TV Show Helps Farmers Adopt Biocontrol Agents Against Fall Armyworm
A popular TV program aired on citizen television in Kenya, known as Shamba Shape Up, is helping farmers adopt biocontrol agents against fall armyworm. In an integrated pest management project led by Feed the Future Innovation Lab for Current and Emerging Threats to Crops, Dream Team Agroconsultancy Limited partnered with the television program to reach more than 5 million farmers with education on parasitoids.
Dream Team Agroconsultancy Limited scaled up the use of parasitoids in 700 demonstration fields in 10 counties. The project succeeded in setting up a parasitoid-rearing facility and distributed more than 30 million of the natural enemies to fall armyworms. As part of the project, Shamba Shape Up visited some of the farmers and filmed an episode to educate farmers on parasitoids.
“With the increased use of synthetic pesticides which are often harmful to humans and the environment, pests become resistant. Our project was in a crucial position to drive change and promote the use of natural enemies, which is environmentally friendly and cost-effective. An IPM campaign through the television program invited viewers to send SMS through iShamba if they would like more information about the program or require a leaflet with more information,” said John Chelal, the director of Dream Team Agroconsultancy Limited.
The agricultural show has instigated an enormous demand by farmers to purchase parasitoids. Through iShamba messaging services, there have been numerous requests by farmers to be linked with the rearing facility. Dream Team experts have also conducted a series of training during the delivery of parasitoids.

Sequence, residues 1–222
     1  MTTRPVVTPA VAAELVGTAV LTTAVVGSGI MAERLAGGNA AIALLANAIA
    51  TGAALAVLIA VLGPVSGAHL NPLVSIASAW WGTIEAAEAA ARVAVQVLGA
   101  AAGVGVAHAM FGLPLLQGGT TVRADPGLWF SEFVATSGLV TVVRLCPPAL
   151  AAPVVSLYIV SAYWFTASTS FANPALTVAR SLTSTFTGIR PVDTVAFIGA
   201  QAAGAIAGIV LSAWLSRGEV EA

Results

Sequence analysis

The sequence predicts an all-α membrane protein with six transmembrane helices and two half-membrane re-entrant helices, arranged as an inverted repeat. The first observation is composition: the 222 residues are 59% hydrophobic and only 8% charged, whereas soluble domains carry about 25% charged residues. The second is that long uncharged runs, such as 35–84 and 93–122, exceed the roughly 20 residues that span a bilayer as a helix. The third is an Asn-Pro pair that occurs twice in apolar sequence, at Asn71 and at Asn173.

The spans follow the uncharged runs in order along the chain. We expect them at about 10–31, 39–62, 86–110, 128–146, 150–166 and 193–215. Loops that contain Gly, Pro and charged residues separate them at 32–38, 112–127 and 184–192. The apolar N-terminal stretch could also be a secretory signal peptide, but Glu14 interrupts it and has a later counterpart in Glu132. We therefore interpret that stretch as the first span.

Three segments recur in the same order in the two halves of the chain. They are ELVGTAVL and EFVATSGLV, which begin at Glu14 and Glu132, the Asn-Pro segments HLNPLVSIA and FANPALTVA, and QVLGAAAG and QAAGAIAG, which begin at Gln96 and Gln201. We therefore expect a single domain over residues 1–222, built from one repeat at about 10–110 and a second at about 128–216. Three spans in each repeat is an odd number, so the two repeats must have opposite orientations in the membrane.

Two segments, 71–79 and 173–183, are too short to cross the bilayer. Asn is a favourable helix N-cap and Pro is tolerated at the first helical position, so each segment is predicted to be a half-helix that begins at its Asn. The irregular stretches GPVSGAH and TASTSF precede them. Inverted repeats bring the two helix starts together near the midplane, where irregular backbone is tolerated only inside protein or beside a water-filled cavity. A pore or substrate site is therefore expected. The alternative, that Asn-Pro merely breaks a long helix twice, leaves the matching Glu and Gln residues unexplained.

Machakos was the first county where farmers reached out after watching the television program.
“We went ahead and recruited parasitoid agents; these are local farmers from the communities with the ability to mobilize other farmers. They are trained on release protocols and conservation of parasitoids in the field and are supplied with parasitoids to sell to farmers,” said Brenda Cheptoo, Parasitoid lead, Dream Team Agroconsultancy Limited.
The parasitoid agents provide a link between the farmers and the rearing facility.
“Our first agent, Teresia Maingi, had reached out via iShamba after watching the TV program. We released parasitoids in her maize field. She experienced improved yield and became a strong advocate. This became the ideal model to meet demand,” she added.
In the latest training organized in Kivu primary school, Kangundo Sub County in Machakos County, more than 360 farmers were equipped with knowledge on biological control of fall armyworm, a menace in maize production in that region.
Simon Mutinda, a maize farmer who attended the training from Kangundo Constituency, Machakos County, was stricken twice; prolonged drought and the damaging fall armyworm pest. After experiencing recurring loss, he decided to try an alternative solution.
"For one acre of land, I have been harvesting 1 bag of maize since the maize is heavily attacked by the fall armyworm,” he lamented.
Mutinda cultivates maize and beans on his 5-acre piece of farm. He bought parasitoids from the agent at Ksh. Five hundred parasitoids in one card were used on a quarter acre. After saving a lot of money that he would otherwise have used on pesticides, his interest in this new solution was piqued and he attended the training to learn more.
"It is my first season to use parasitoids on my farm, as you can see, no plant has been attacked by the pest and I am hoping for a bumper harvest this season", he concluded.
The television program continues to play a crucial role in outreach. With re-runs of the episodes on fall armyworm management, more farmers continue to buy and use parasitoids thus reducing the use of synthetic pesticides.